Summary Judgment Opinion at 72.
There being no literal infringement by the Vortek Product of the only two independent claims of the '485 patent, the issue of literal infringement is no longer before the Court. See Bayer AG v. Elan Pharm. Research Corp., 212 F.3d 1241, 1247 (Fed. Cir. 2000) "If any claim limitation is absent from the accused device, there is no literal infringement as a matter of law.").
Accordingly, the presentment of evidence on literal patent infringement by Vortek of the '485 patent would be irrelevant and unduly prejudicial. For this reason, Defendant's motion is granted.
II. Defendant's motion to preclude Plaintiff from referring to the Vortek motor bracket as a "base member" is granted.
In the Summary Judgment Opinion, it was noted that the '485 patent's specification "clearly envisioned connecting the components of the base member together and not having them be separate." Summary Judgment Opinion at 22. Because the Vortek winch "does not have a base member," however, it was concluded that there was no literal infringement. Id. at 23.
OSD contends that reference to the Vortek product's individual end brackets as "bases" or "base members" is proper, because "portions of the base member are brackets, which have been determined by the Court to be components of the base member," and therefore "a bracket . . . is a base member." Pls.' Memo in Supp. at 10. This does not follow and is likely to confuse the jury into thinking that components of the Vortek's base member are themselves "base members" when that is not the case. See Summary Judgment Opinion at 7 ("Therefore there are at least two components that comprise the [485 patent's] base member").
The motion in limine is granted. III. Defendant's motion to preclude Plaintiff from speculating that Defendants, or Hoffend, copied the '485 patent is denied in part.
Defendant submits "there is absolutely no evidence" of copying with respect to Hoffend, and that any such arguments are "pure speculation." Def. Memo in Supp. at 5. Not so. In Plaintiff's motion for leave to amend its complaint, for example (granted in October 2017 (ECF No. 176)), it is alleged that Hoffend filed an accelerated application with the USPTO which included a brochure of the Olaf winch product. ECF No. 148 at 4 (noting Hoffend's inclusion in his patent application of "a brochure on the OSD winch"). Plaintiff also alleges that "during the course of the prosecution of [Hoffend's] winch patent applications, the '485 Patent was also repeatedly cited" and that Hoffend incorporated, among other things, Plaintiff's "fixed screw approach for moving the drum laterally" into his invention. See, e.g., Def.'s Memo. in Supp. at 12, ECF No. 169.
This patent application issued as the '622 patent, which was prosecuted by Hoffend. See Defendant's Opp. at 7-8, Dkt No. 47. --------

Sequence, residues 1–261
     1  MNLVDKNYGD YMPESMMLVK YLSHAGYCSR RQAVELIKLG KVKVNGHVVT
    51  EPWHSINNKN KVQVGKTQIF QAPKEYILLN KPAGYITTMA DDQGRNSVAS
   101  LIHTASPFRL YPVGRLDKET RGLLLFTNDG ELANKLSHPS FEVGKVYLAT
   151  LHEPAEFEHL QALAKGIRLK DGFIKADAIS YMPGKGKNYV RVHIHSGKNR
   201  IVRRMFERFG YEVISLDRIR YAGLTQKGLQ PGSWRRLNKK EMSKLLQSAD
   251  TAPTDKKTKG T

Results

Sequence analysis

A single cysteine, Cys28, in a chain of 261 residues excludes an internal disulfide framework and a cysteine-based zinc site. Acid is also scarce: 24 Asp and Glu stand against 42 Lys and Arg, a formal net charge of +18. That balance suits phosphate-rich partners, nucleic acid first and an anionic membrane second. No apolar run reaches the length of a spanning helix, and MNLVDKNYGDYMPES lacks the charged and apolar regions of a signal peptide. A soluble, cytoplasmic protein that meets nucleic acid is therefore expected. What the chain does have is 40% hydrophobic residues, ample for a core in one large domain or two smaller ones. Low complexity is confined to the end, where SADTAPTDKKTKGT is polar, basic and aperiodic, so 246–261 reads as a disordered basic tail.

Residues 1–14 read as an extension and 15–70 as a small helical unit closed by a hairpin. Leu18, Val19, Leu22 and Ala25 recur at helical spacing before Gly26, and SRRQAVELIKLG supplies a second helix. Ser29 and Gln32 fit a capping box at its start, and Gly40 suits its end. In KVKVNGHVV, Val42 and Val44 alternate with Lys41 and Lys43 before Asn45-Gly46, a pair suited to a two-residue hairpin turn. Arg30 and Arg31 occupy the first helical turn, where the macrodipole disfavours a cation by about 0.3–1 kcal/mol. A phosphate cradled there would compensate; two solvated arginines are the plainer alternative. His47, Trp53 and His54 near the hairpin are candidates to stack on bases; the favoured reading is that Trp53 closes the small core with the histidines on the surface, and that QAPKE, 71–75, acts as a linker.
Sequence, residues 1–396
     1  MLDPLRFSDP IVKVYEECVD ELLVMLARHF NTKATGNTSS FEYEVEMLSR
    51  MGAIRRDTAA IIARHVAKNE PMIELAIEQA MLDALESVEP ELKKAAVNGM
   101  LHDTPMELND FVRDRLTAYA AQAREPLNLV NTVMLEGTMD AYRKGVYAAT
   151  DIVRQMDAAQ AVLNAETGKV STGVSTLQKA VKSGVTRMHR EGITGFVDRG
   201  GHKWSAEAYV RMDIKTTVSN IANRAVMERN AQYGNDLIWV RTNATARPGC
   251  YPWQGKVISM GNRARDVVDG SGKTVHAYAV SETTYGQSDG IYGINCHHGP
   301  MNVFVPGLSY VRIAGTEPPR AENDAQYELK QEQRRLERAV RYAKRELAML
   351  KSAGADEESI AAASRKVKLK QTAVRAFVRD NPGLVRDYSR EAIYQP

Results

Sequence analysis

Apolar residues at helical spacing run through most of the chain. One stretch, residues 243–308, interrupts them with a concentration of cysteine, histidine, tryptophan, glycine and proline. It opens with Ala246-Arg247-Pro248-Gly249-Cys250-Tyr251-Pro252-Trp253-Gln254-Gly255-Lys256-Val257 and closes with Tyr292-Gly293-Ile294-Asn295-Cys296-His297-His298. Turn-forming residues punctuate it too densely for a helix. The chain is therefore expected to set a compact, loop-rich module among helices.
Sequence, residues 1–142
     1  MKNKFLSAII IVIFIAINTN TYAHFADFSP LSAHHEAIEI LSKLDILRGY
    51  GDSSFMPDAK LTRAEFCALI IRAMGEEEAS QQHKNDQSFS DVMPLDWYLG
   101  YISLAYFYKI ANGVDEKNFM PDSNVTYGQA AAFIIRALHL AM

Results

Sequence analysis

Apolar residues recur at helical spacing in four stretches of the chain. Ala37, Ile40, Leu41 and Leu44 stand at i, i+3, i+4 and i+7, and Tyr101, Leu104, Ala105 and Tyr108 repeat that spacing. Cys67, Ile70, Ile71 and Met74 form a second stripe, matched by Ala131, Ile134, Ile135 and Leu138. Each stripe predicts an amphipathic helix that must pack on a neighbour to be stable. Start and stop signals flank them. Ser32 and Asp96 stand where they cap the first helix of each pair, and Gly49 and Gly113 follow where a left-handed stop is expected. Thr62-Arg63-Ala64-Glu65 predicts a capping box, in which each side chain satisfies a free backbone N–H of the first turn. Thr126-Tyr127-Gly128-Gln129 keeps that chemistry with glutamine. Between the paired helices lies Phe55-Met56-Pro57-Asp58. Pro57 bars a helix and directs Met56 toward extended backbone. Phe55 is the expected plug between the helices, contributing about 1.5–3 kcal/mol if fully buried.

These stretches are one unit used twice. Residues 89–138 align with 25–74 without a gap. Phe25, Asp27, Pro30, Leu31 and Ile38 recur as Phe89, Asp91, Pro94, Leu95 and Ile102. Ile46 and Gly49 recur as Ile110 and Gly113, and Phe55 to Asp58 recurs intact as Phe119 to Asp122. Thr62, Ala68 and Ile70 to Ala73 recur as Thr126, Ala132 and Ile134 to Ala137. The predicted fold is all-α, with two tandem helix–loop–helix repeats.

While "pure speculation" of copying by Hoffend would be unduly prejudicial and therefore excluded at trial, Plaintiff has alleged more than that. Def. Memo. in Supp. at 5; see Georgetown Rail Equip. Co. v. Holland L.P., 867 F.3d 1229, 1245 (Fed. Cir. 2017)(allowing evidence of copying at trial that was supported by "circumstantial evidence").
In light of the evidence so far presented with respect to Hoffend, the motion in limine to preclude testimony that he copied the '485 patent is denied.
There being no evidence supporting the position that Defendant Daktronics "copied" the '485 patent, the motion in limine to preclude such testimony as speculative and unduly prejudicial is granted.
IV. Defendant's motion to preclude Plaintiff from stating or implying Daktronics withheld discovery or refused to produce a witness is granted
Even if evidence of untimely document production or improperly withheld discovery was relevant to the underlying issue of patent infringement—and it is not—such evidence would be inadmissible under Rule 403. Fed. R. Evid. 403 ("The court may exclude relevant evidence if its probative value is substantially outweighed by a danger of one or more of the following: unfair prejudice . . . .").
Evidence of discovery misconduct by Defendant has little to no probative value in a patent infringement case. The undue prejudice associated with such evidence, on the other hand, is clear. For that reason, the motion in limine to preclude evidence of discovery misconduct is granted.
On this basis, Defendant's sixth motion in limine, to preclude Plaintiff from "telling the jury that Daktronics refused to offer a corporate witness," is also granted. The relevance of such testimony is low and its potential to prejudice high. Moreover, if Plaintiff had an issue with Defendant's refusal to provide the requested 30(b)(6) witness, it could have sought appropriate relief.
The motion in limine is granted. V. Defendant's motion to preclude inter partes review and withdrawal of invalidity defense evidence is granted.
Defendant's petition at the Patent Trial and Appeal Board (PTAB) for inter partes review of the '485 patent was directed at its validity, and had nothing, as far as the Court can tell, to do with the issue of infringement. See Def.'s Memo in Supp. at 6.
Plaintiff contends that introduction of the inter partes review evidence serves the purpose of discrediting certain of Defendant's witnesses. Pls.'s Memo in Supp. at 20. But the likelihood of such evidence to confuse the jury and prejudice Defendant is high. The issue before the PTAB was validity of the '485 patent. Validity is not at issue here and the jury could confuse Defendant's failure before the PTAB as evidence of infringement.